Thursday, May 2, 2013

#446: Friends, Family, and Warriors

Coach Rita, Renee, Marian, and Becky
Some friends play at friendship, but a true friend sticks closer than one's nearest kin. ~ Proverbs 18:24 NRSV


My friend is pretty sick these days. Not so very long ago, she kicked breast cancer's ass and sent it packing. Then, last winter, she started feeling tired. Head aches. Irritability. She started missing exercise classes. For most people that means you've got a bug coming on, or you need to get more sleep, or you're not eating right. For a cancer fighter, it can be more sinister. It calls for the kinds of tests that you are inclined to put off until after the holidays.

So as winter settled in over the Bluegrass, Becky went to the doc and began the long detective work; searching for what was wrong. There were a lot of false leads. Some docs will tend to look for everything else first. It's not necessarily the best medicine, but it's just human nature. When you're treating  a cancer survivor, you don't want to deliver the worst news first.

Becky's bad news came after a lumbar puncture. It was there. In her spinal fluid. The Damned Thing was going after her nervous system. She came to work for a few more days. Let us know what was happening. There would be chemo. Again. No telling what other treatment it would take. But she would do it. From the very first, she was scared, but not cowed. Becky is a warrior. She will fight.

Closer Than Kin

It is difficult to think of Becky without thinking of Marian. I realized as I was preparing this post that I don't have any pictures of Becky without Marian close by. At work. In class. Shopping. At lunch. Marian and Becky were classmates when they went through LIVESTRONG at the YCMA together. They are closer than sisters.

While I was having my recent mental breakdown, Marian and Coach decided that I should not be told about Becky. I'm glad they spared me then. I'm not sure my mind could have held up under the news. Three nights ago, I asked Marian how our friend was doing. She could keep the facts from me for a while, but could never tell me a lie. So she took a chance that I was as strong as I said I was: she told me the truth. They've stopped Becky's chemo. It wasn't helping. She spent some time in the hospital. Now she's in a nursing home, waiting until she's sick enough to go back. They've contacted Hospice. Her daughter has been a Guardian Angel for her mother, protecting her, sitting with her, nursing her, loving her. They've decided to tell Becky only what she needs to know. Her mind is fragile, and she has days when she doesn't recognize visitors. Gets confused about where she is. I listened, my eyes moist with compassion and anger. Compassion for my friend's pain. Anger at the Damned Thing that had chosen such a beautiful and vulnerable target. Well, the Bastard was in for the fight of his life.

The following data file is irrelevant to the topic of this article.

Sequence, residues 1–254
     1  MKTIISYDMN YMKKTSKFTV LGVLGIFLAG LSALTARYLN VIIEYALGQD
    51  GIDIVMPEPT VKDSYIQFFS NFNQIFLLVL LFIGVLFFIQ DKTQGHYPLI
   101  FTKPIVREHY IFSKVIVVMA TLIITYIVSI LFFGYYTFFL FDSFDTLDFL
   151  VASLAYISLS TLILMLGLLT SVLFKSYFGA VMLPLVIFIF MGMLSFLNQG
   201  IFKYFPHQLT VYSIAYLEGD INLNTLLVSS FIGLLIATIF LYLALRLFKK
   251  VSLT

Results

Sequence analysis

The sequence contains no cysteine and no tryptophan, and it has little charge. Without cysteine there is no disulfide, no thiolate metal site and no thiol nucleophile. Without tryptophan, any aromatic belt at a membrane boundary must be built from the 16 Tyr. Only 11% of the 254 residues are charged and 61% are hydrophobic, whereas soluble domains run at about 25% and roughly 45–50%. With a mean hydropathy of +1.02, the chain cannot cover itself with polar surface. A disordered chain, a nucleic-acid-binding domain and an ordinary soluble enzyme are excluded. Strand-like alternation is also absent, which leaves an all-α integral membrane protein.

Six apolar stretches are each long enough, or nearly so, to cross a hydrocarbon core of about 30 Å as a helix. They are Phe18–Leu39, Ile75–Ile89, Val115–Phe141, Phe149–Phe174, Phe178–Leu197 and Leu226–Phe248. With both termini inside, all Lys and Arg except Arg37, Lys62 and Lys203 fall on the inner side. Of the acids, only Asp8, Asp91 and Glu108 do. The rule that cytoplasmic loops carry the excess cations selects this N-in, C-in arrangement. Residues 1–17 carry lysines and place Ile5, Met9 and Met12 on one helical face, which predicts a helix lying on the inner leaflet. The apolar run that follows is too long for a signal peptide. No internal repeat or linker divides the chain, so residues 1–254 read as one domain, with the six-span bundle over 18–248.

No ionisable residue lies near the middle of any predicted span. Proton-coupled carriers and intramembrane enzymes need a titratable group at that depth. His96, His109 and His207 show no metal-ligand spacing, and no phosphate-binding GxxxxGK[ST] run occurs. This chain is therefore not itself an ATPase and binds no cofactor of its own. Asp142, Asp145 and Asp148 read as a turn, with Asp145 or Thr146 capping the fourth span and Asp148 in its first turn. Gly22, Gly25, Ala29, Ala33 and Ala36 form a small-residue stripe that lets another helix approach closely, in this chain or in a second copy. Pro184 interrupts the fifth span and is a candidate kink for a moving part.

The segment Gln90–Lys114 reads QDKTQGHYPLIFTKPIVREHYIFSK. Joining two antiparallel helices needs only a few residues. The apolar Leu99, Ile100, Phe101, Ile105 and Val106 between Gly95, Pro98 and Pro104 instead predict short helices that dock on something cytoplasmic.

This is no eulogy. My friend is very much alive and very much in battle mode. Marian and I visited her the day after she shared the news with me. Marian warned me that it would not be easy. There was no telling who would be there in the bed to greet us when we arrived. She was sleeping when we came in. Pale. and a little bloated from the chemo, but she'd kept her hair which was a balm to her vanity, I'm sure. Becky loved to get her hair done, and there was no telling what color it might be when you walked into the gym in the morning. It's a lovely chestnut brown right now. At least it was on Tuesday. She slept peacefully, deeply. I took her hand and gently greeted her the way I always have. "Hey, Miss Becky." She didn't stir. The whir of the air conditioner and the drone of the television wrapped her in a blanket of white noise that my voice could not cut through. Marian, standing on Becky's right, tapped her hand gently. "Hey, Sleeping Beauty. Look what I've brought you."

Slowly, Becky's hands squeezed ours and her face started to awaken. Half a smile came to her lips as she saw Marian's giant smile. "I brought Bob Johnson with me." Becky turned her face toward me, peering through the one, beautiful blue eye that the cancer has left her. I wasn't sure what she was seeing. "Do you recognize me, Becky?" "Yes, Bob," she answered as if it was the stupidest question she had ever heard. Marian and I laughed and Becky smiled softly. Contraband was exchanged. Becky chewed happily on the Mounds bar Marian had snuck in, the dark chocolate melting on her fingers. She sipped water to help wash the coconut down. We talked about the Y. I told her that the whole morning crew sent their love. Dave and Gary, Dora, Bonnie and Bob, Ernesto and Beth and Teri and Meagan and Derick. I didn't mention Coach leaving. Becky's carrying more than enough on her shoulders right now. I told her about my recent troubles, and that I was going to be running a marathon on Sunday.